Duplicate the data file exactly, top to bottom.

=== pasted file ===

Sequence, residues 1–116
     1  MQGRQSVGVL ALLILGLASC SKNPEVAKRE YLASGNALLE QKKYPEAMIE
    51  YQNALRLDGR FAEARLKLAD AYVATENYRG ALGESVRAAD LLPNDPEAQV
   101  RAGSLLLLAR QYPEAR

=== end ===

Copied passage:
Sequence, residues 1–116
     1  MQGRQSVGVL ALLILGLASC SKNPEVAKRE YLASGNALLE QKKYPEAMIE
    51  YQNALRLDGR FAEARLKLAD AYVATENYRG ALGESVRAAD LLPNDPEAQV
   101  RAGSLLLLAR QYPEAR